My point here is not to defend the Atlantis account. It’s to attack the dogma that infects our scientific knowledge as if it were fact. To point out the flaws in skepticism. To show that we don’t know everything we think we know and that there is a lot of knowledge most are ignorant of. Mythology might appear useless to science, but comparative themes can help point us in the right direction. The enemy of the truth is believing. Having faith and belief in unproven theories that are way off the mark is idiotic. We can reasonably assume the continents have moved because of much evidence. There is no evidence of Tectonic Plates though. This despite the fact that people believe there is. Some of these people criticize not only crackpots but religious devotees. How are they different? How is faith in dogmatic political junk science backed by money, fame, reputation, politics, feelings, political correctness, etc. and everything but concrete evidence different than faith in religion?

    • CortxVortx says:

      You, James, have absolutely no understanding of science, history, nature, or skepticism. Everything you posted is, at best, misrepresented or, at worst, a flat-out lie. Your imagination does not trump reality.

      Your first sentence sets the tone for your abysmal tirade. Skepticism has a narrow focus? Ha! Every fringe claim fails precisely because it is narrowly-focused, and evidence from other areas (pointed out by skeptics/scientists) shows how the fringe claim contradicts known and settled facts of nature. Every fringe claim falls victim to confirmation bias because its author concentrates only on what supports his vision, and ignores, denigrates, or hand-waves away any contradictory evidence.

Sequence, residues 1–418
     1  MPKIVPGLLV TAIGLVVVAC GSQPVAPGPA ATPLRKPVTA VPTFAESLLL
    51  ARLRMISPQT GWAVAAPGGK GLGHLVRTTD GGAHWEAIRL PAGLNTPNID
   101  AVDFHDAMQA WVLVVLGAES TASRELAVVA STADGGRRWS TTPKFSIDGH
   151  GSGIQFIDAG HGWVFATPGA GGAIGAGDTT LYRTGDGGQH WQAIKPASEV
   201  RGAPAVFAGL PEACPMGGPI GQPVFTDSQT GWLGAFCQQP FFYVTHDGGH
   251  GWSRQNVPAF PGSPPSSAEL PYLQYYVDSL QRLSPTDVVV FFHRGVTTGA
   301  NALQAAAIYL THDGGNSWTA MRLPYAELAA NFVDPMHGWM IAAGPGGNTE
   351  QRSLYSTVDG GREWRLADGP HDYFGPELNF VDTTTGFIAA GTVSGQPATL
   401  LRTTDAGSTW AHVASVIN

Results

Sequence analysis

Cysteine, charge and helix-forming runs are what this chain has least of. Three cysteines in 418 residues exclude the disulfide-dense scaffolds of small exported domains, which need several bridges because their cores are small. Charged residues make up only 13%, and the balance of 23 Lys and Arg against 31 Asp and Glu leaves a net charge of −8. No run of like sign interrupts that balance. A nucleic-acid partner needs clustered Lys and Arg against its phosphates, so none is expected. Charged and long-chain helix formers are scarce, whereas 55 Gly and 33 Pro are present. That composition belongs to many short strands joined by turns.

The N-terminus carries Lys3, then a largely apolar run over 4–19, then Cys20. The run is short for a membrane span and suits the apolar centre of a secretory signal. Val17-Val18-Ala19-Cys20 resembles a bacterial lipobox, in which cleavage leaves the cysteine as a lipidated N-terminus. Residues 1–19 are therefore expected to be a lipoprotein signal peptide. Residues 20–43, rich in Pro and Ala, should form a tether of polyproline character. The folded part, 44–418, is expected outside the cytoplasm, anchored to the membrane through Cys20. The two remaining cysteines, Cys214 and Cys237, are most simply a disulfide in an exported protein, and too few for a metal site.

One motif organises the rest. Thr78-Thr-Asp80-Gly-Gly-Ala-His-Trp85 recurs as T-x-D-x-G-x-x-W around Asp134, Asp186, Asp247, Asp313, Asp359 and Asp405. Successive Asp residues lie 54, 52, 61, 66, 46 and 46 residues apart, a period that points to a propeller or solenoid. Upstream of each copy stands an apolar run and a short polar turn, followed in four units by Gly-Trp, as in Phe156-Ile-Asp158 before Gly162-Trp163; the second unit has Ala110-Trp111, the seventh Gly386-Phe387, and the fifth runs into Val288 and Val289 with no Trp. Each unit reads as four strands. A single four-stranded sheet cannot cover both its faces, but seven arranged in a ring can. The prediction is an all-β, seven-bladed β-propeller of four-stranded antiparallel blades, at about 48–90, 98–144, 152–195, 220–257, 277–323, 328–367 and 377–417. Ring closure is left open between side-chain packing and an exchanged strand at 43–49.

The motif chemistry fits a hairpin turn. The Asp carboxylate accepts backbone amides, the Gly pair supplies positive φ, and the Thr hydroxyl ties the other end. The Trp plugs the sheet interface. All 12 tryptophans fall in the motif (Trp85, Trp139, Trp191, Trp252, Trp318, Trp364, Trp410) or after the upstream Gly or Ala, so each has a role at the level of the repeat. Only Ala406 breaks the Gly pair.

Your post is all downhilll from there.

  • Kevin says:
    • Keith Fitzpatrick-Matthews says:

      This is a very, very ancient “lost continent”, from long before there were even land animals, let alone human beings. It’s of interest ot geologists and palaeontologists, but as for archaeologists…

  • Nik Kelly says:

    A thought on those volcanic island flank failures; Sonar readily shows the size of such slumps and their oft-gigantic run-outs. Yes, there’s a lot of stuff on the bottom but, adding it up, NOT enough for even a mini lost-continent, even with a lower sea level. FWIW, the enormous oceanic plateau recently discovered in mid-Pacific never reached the surface beyond isolated sea-mounts. Again, no surprises…

    That area in the Atlantic off Cadiz does bear watching for other reasons than any hypothetical Atlantis; IIRC, recent work suggests that a subduction zone *may* be forming…

  • ThereIsNoGod says:

    Disagree…Scientists have found 2 sunken continents. How do you like them apples?

  • ThereIsNoGod says:

    See the following links..



    With all the scientific theories that have been accepted and then disproven over the years I cannot see how they can be so rigid.

  • Jason R says:

    The NOAA and I think NASA have very detailed global relief maps of the surface of the Earth. I don’t think that any of them show any areas for sunken continents. The extra bonus is that the data used to create the images is available for download and for personal use. I am writing during my lunch hour so i don’t have time to dig further and provide better detailed images. However if someone has the time, I’m pretty sure that there are very, very detailed maps legitimate relief maps that are zoomed in close that will show lots of detail of the ocean floor for specific areas.